After seeing that our border control efforts were actually working, Reagan would address the presence of undocumented workers in the U.S. Contrary to a lot of Republican leaders today, I feel Reagan would again grant amnesty to those in the country today who wanted to become citizens if they complied with the conditions listed below. Reagan would find this position unpopular with many in Congress and a lot of the voters. After all, the legislation in 1986 didn’t work! However based upon learning from the effects of 1986 legislation, Reagan would include a strict path to citizenship that would specify complying with a new streamlined immigration process, learning the basics of our Constitution, establishing a formal residence, learning English, and maintaining employment with a sponsoring company. Reagan would see these steps as necessary to become part of the American melting pot and to participate in the American Dream.

In addition, Reagan would also propose a new guest worker program to enable workers to migrate to the U.S. upon our invitation for a specified period of time. It would be an updated 21st century version of the Bracero Program that existed between the U.S. and Mexico between 1942 and 1964. Bracero is the Spanish term for manual laborer. Under that program, there were approximately 4.5 million border crossings related to workers traveling back and forth from Mexico to assist various employers with work that was not being done by U.S. citizens. In spite of its success, this program ended in 1964 due to pressure from the American labor unions. Subsequently after 1964, the U.S. saw an immediate drop in legal guest worker immigration and a spike in illegal undocumented worker migration. Reagan would see a new guest worker program as a way to bring the migrant worker economy into the light of day and to make it tougher for “coyotes” and drug smugglers to make profits through human trafficking.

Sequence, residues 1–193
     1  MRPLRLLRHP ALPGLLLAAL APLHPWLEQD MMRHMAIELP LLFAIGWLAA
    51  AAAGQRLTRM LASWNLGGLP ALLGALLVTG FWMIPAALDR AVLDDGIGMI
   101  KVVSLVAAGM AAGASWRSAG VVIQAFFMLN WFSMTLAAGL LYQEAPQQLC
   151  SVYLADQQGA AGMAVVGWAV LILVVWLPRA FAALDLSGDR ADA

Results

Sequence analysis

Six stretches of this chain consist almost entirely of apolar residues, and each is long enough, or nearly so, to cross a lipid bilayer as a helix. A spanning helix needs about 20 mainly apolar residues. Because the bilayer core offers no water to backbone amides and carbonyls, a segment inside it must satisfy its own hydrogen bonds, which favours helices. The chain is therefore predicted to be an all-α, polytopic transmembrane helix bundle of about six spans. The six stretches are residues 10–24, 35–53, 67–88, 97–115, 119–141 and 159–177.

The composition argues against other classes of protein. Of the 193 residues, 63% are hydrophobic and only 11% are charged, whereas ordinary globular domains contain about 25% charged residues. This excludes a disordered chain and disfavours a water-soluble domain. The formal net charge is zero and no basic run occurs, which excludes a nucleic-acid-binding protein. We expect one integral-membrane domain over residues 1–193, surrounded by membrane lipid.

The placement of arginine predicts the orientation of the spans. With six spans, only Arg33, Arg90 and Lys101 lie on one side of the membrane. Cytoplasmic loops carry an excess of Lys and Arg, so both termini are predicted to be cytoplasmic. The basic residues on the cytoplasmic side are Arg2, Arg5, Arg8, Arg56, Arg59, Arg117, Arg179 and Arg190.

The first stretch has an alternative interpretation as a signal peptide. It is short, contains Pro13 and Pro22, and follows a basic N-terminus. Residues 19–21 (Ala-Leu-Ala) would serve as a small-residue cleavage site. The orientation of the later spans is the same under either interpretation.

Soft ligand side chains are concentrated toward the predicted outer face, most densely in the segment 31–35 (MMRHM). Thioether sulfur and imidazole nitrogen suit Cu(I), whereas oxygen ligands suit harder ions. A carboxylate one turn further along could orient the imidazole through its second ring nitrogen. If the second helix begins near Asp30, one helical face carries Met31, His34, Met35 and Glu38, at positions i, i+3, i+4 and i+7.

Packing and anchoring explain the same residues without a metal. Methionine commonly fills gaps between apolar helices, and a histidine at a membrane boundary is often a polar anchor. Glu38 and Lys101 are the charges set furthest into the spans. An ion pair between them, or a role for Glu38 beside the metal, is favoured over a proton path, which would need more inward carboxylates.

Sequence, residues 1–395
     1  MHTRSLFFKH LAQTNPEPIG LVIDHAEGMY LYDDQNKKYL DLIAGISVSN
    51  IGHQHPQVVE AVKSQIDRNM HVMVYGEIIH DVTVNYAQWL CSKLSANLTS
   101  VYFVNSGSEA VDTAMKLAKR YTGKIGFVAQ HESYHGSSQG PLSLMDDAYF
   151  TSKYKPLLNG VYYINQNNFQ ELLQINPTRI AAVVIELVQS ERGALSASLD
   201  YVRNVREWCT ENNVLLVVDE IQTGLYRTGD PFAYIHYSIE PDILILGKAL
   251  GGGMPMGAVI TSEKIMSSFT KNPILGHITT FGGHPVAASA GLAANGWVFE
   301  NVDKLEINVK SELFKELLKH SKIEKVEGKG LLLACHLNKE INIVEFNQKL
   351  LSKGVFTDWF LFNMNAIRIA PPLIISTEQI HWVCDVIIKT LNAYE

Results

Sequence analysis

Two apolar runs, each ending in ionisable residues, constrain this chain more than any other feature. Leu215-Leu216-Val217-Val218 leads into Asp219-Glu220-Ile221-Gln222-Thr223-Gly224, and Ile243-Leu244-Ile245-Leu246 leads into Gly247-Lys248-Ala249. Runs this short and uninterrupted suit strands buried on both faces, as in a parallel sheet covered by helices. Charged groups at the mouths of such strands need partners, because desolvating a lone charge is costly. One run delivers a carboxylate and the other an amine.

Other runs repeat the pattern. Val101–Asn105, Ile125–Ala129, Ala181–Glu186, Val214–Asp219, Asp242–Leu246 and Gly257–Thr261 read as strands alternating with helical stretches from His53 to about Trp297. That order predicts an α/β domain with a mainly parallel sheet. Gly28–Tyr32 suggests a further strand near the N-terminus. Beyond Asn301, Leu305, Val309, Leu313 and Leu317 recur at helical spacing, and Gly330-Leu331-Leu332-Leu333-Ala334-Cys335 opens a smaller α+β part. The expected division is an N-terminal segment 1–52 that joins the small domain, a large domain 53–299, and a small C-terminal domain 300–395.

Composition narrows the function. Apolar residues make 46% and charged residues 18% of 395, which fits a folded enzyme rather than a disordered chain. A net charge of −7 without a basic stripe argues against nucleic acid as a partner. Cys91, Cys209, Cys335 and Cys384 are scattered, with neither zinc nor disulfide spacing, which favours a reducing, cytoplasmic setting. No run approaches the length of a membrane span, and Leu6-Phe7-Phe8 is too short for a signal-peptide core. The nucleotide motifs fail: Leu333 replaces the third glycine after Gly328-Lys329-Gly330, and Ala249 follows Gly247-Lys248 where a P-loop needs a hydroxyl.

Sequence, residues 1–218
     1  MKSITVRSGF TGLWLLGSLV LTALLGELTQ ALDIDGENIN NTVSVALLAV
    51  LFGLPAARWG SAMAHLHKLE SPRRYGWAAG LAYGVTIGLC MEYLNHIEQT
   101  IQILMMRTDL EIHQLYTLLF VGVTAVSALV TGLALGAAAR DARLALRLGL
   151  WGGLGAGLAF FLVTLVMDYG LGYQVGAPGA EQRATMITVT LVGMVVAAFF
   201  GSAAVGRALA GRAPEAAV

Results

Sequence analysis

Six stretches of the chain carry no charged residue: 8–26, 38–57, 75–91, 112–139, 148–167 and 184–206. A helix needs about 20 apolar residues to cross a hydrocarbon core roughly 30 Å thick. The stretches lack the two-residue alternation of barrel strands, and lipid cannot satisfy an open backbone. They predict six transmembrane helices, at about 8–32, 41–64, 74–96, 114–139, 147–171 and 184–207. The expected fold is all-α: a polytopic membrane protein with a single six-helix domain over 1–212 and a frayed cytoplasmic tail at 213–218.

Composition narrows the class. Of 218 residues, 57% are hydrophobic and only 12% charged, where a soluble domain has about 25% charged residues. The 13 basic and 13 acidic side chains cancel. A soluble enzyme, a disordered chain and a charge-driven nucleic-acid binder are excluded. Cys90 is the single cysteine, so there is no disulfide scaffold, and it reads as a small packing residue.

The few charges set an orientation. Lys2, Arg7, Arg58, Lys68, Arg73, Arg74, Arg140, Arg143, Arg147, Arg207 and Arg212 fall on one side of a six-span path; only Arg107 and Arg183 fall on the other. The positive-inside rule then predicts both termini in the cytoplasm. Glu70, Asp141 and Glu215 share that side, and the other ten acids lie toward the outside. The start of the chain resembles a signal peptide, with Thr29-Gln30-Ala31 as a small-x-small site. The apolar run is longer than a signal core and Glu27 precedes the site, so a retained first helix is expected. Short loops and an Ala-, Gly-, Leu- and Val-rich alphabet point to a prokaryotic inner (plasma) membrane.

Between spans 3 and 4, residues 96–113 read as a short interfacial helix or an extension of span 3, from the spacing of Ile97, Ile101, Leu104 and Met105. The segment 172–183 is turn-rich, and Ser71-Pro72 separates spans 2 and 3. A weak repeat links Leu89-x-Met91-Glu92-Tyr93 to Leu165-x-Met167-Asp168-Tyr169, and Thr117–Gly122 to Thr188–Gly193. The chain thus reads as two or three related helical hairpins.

I know some of you are saying, hold on; can we really afford a major influx of new citizens and guest workers? With the softening of the economy, the numbers of illegals in the U.S. is actually lower than it has been in the last two decades. In addition, by securing the borders as a precondition to addressing existing undocumented population, we would be in a better position to take steps incrementally while continually improving our national security. Again, I’m not stating that all of Reagan’s positions would be popular but rather these steps would be part of the programmatic approach he would take to improve our current immigration problems.

Well, the Gipper’s changes aren’t quite complete. Not only would we need to get ready for yet another influx of new citizens, but prepare to buy a new flag. Reagan was a strong believer in offering statehood to Puerto Rico…

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This entry was posted in American Exceptionalism, Commentary, Conservative, Economics, Economy, Free Markets, Immigration, Libertarian, Limited Government, News, Politics, Reagan, Regulations, Republican, Tea Party and tagged , , , , , , , , , , . Bookmark the permalink.

One Response to WWRD? Part 2 – What would Reagan do about immigration?

  1. Oscar Rodriguez says:

    Treant,

    Great blog…it is very enjoyable and thought provoking.

    Thanks,

    Oscar